One scene that I especially liked was a shot through a couple of doorways showing paint failure on a curved wall adjacent to the stairway.  I liked both shots but for different reasons.  The first shot features the exposed lath work on the left and above the nearer doorway.  There is something of a mess on the floor, but maybe that is just part of the scene.

The second shot emphasizes the paint failure on the curved wall.  I also liked it for the way that the woodwork surrounding the partially obscured doorway serves to frame the window and helps to create depth to draw the eye toward the window.

© 2018 John M. Phillips

Tuesday, February 27, 2018


In there past I have seen artsy photos of tire tracks in snow and haven't thought much about the requirements for such shots.  But earlier this month while on a Sunday morning walk, I noticed some tire tracks in a parking lot in our neighborhood.  It was then that I realized that the conditions for such shots were actually quite unusual.  First, if the snow is too deep, the tire tracks will not show up well.  In this case we had received less than 1/2 inch of snow the night before.  Also, the temperature cannot be too low or the snow will not melt under the tire pressure.  On this morning the temperature was right around freezing.  Finally, too many tracks would just appear as clutter.  This was early enough that there were just a few tracks.  In any event, when I got home I grabbed my camera and returned to take some photos.  Here is what I got.

First, a confession.  I probably took about 20 shots of the snow tracks but kept only these four.  This, actually is about par for me--I probably discard about 80 percent of what I shoot; sometimes even more.  In any event, this first shot is a bit indifferent.

The next is a little more interesting, in my view, because there is some direction to the tracks.

More interesting is the following because it includes footprints (not mine), giving the composition some context.

Finally, is an abstract that I liked for the fact that some of the tracks are white rather than black and because some of the pavement is black rather than white.


Sunday, January 28, 2018


For the past several years Walker's Point, a neighborhood south of downtown Milwaukee, has been undergoing a gentrification, with construction of upscale condos and repurposing of abandoned factories and warehouses as restaurants and funky retail outlets.  But the neighborhood still has its share of buildings in need of repair or updating.  Recently, I spent some time in the neighborhood with my camera looking for a little decrepitude.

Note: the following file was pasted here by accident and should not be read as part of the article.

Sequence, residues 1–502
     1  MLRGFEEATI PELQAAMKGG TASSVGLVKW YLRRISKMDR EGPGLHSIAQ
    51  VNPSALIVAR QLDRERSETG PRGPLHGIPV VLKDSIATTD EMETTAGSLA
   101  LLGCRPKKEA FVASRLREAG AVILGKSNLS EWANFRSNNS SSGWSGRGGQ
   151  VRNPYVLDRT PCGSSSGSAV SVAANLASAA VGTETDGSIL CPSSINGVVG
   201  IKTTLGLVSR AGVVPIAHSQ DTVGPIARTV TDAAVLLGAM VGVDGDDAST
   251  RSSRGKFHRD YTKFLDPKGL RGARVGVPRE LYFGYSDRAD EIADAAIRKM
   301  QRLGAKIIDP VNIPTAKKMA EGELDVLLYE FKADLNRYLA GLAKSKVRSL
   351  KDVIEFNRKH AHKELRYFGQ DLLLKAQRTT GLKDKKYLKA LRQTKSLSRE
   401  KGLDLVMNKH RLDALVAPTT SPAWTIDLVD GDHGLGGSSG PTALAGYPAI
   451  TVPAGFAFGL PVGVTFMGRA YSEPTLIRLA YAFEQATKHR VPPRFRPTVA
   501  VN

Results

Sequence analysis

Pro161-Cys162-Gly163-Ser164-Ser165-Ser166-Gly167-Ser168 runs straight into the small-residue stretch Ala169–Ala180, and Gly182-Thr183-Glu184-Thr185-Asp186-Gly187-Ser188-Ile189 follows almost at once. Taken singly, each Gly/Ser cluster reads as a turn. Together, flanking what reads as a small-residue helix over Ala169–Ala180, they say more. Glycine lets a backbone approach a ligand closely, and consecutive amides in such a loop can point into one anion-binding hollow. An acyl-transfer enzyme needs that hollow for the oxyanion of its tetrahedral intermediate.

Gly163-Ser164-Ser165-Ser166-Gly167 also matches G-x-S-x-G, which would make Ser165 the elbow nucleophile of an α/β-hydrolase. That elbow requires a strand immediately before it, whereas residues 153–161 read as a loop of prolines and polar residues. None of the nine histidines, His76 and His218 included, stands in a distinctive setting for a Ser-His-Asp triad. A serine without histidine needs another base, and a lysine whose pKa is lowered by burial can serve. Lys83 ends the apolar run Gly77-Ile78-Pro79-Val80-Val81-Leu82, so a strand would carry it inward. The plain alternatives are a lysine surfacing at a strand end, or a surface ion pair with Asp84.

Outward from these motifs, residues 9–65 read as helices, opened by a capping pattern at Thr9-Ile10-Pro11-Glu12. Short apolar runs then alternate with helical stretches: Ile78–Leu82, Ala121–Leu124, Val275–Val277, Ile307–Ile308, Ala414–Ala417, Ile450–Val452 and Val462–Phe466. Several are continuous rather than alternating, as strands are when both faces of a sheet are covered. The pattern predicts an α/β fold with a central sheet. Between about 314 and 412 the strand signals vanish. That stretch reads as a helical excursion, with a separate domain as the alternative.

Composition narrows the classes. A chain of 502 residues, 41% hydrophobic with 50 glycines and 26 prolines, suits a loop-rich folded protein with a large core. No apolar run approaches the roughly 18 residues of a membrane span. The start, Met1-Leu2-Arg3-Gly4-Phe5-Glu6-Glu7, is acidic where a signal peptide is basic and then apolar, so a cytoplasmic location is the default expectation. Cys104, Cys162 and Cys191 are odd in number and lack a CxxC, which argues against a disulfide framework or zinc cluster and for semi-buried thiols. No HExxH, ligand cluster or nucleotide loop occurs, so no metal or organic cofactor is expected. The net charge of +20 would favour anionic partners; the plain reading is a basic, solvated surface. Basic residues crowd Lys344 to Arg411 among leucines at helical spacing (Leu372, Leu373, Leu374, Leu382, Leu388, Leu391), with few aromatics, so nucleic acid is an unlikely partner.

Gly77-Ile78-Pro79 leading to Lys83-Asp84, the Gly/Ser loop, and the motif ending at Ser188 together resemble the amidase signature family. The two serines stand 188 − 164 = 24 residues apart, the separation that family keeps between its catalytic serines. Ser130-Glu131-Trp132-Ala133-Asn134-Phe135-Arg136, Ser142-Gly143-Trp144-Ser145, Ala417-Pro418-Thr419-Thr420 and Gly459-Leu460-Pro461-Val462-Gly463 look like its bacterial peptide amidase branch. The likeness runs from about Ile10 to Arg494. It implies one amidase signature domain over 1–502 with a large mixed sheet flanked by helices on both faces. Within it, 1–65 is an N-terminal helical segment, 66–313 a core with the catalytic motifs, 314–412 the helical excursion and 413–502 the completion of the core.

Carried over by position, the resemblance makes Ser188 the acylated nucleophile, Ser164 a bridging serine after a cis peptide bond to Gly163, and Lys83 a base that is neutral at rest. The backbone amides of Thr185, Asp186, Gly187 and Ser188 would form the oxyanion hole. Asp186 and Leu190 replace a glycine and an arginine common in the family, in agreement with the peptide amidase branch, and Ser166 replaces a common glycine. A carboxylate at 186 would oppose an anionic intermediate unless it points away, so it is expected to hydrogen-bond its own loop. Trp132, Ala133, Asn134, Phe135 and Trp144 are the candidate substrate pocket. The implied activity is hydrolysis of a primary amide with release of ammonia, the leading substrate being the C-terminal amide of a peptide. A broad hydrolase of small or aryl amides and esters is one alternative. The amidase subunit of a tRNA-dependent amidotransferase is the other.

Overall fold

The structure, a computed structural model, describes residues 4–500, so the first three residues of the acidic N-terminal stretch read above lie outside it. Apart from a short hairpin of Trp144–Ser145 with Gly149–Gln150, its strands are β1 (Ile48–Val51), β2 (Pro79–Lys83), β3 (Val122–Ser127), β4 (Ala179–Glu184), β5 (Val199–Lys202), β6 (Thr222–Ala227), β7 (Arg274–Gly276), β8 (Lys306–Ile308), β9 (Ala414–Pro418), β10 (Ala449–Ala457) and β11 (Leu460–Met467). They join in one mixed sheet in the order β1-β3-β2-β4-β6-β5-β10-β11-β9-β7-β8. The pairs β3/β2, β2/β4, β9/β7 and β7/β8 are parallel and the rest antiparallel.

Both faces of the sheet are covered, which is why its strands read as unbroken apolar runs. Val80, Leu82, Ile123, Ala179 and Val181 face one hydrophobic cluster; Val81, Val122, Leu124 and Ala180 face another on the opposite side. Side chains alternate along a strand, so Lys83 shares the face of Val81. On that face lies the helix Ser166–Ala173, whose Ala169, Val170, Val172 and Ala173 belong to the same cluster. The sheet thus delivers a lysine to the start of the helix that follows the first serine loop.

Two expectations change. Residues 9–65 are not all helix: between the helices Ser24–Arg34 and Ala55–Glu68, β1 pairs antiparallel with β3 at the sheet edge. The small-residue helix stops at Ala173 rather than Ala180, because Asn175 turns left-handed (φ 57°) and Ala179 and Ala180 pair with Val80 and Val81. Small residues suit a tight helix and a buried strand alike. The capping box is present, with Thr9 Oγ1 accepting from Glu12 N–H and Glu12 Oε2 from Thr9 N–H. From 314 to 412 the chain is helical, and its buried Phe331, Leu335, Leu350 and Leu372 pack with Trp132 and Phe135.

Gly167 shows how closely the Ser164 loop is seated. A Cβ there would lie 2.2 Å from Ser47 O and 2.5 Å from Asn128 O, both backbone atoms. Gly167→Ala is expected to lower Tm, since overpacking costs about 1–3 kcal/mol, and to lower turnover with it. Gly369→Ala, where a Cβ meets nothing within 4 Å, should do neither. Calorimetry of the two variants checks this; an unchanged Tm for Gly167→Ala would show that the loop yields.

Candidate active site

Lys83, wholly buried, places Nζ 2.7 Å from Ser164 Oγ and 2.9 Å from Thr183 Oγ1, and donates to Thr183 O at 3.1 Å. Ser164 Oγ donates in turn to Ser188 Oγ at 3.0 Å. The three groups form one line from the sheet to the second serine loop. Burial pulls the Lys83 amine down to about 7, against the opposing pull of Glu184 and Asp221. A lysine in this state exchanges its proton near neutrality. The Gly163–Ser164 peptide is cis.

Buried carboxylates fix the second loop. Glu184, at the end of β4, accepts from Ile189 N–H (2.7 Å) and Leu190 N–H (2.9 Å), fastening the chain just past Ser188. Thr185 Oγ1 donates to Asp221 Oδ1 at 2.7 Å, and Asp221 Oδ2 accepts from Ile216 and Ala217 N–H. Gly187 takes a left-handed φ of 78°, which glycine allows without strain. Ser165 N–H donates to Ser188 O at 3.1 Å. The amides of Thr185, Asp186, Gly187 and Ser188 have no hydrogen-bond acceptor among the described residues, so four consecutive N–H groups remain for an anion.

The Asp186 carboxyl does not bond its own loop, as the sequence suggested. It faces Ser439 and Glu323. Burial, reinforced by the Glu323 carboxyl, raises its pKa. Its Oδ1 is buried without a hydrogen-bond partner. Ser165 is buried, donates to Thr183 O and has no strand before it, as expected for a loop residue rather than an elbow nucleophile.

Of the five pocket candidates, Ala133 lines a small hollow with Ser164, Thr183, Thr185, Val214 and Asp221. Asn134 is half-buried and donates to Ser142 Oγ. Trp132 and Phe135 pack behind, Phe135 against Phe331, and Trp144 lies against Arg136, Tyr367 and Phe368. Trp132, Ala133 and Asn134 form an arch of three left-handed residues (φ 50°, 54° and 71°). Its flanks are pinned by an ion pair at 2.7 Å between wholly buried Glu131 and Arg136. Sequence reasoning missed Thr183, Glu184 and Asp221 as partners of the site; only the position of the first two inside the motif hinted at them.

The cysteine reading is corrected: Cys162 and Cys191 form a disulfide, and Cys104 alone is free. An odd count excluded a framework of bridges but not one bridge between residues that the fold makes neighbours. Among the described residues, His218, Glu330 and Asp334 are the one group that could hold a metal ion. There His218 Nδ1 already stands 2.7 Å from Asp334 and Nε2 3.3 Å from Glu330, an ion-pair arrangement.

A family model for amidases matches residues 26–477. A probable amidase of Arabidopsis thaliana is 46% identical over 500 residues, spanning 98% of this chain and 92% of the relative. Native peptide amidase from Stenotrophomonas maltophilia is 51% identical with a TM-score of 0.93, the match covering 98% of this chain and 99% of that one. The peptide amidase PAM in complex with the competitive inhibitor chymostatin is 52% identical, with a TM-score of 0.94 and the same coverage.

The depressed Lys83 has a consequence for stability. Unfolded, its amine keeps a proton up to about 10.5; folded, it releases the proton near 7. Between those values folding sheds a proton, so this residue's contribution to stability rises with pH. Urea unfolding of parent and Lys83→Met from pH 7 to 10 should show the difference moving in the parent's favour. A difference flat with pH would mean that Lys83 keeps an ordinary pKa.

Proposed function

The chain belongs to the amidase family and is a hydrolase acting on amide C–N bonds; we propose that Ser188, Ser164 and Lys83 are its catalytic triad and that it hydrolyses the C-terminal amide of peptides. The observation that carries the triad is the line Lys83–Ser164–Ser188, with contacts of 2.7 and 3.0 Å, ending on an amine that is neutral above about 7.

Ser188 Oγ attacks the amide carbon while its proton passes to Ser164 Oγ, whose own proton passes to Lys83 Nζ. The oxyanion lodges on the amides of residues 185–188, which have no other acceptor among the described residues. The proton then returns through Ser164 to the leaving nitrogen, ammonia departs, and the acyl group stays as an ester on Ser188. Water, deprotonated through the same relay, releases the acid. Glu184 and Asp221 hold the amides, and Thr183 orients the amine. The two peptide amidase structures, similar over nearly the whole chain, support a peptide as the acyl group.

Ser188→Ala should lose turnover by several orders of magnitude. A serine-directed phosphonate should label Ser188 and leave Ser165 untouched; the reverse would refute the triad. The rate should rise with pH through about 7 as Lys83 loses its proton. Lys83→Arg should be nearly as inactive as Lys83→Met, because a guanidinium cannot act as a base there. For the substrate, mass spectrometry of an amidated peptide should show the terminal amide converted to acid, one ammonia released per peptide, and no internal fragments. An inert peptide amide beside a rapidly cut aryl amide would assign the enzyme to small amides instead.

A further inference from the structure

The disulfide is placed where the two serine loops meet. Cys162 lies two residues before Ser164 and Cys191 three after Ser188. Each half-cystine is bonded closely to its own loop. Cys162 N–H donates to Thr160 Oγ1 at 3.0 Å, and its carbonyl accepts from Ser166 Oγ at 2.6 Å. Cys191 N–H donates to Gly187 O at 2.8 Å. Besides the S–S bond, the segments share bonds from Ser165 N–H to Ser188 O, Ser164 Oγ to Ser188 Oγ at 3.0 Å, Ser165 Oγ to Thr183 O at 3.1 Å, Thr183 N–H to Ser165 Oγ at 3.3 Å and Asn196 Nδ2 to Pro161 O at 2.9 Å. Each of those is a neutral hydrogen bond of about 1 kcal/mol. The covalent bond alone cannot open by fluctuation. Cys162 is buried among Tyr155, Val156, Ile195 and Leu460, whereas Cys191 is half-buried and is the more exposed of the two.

The first shot is of an opening in a wall of a building that had been boarded over at some point in the past.  This was in an alley between buildings, by the way.  All in all a bit creepy.

I liked this opportunity for the three different colors that the boards had been painted for some reason and the subsequent failure of that paint.  After thinking about the options for a while, I decided to capture it on an angle.  But after experimenting with just showing the painted boards, I decided to expand the shot to reveal portions of the surrounding concrete borders, if only for context.

I was attracted to the following shot for the shadows being cast by the vine extending in front of the painted concrete wall.

I focused on the vine but decided that I also wanted to maintain detail in the failed paint on the concrete blocks.  So I narrowed the aperture to f/16.  The steel cable was still  a bit out of focus, but I didn't think that was a big deal.

I liked the following shot of a hasp and padlock arrangement because of the variety of textures that it included--and because of the overall decrepitude.

The last three shots are of handles that had witnessed a good deal history.

For this last shot I played around with just including the handle and none of the blue-green metal border.  But in the end I thought including not just the color border but the stonework to the right helped to tell a bit more of the story.


Wednesday, January 24, 2018


I have driven past St. Stephen Lutheran Church hundreds of times.  The church, which has a prominent steeple, sits just to the east of the north-south freeway in the Walker's Point neighborhood, south of downtown Milwaukee.  From the outside the building appears to be in a long-term state of neglect, and I finally decided that it might be interesting to attempt to capture some classic architecture in a state of decline.  I had assumed that St. Stephen's, if still active, was a a Catholic church, but, in fact, it is and always has been a Lutheran church.

The building has an interesting history.  It was first built at its current location in 1866, with a steeple featuring a four-faced tower added in 1879.  With major repairs looming the congregation razed the church (except for the tower) and rebuilt it in its present form in 1901.  At that time the tower was preserved and refaced in red brick to match the new building.

The day I photographed the church was sunny (and relatively warm).  But there were still challenges. First, the interior was locked and inaccessible, so I was limited to the exterior.  Moreover, only two sides, the south and west, were accessible.  The other two sides were behind fences.  Still, it was fun to look for photographic opportunities.

Here, first, is a not very good photo of the entire church, taken from the southwest.

The main entrance faces to the west.  (Note the change in spelling from "Stephan's" to Stephen's.")

Note the stonework in the pillars on either side of the entrance.  Nice.

As mentioned, the tower features a four-sided clock.

Which appears to be in good repair--and keeping reasonably accurate time.

The church appears to feature very fine stained glass windows.  Prominent is the large window on the south side of the transept.

Here are some detail shots of that window.

The church also features some interesting stonework, particularly above the keystones of the gothic windows and doorways, such as the following.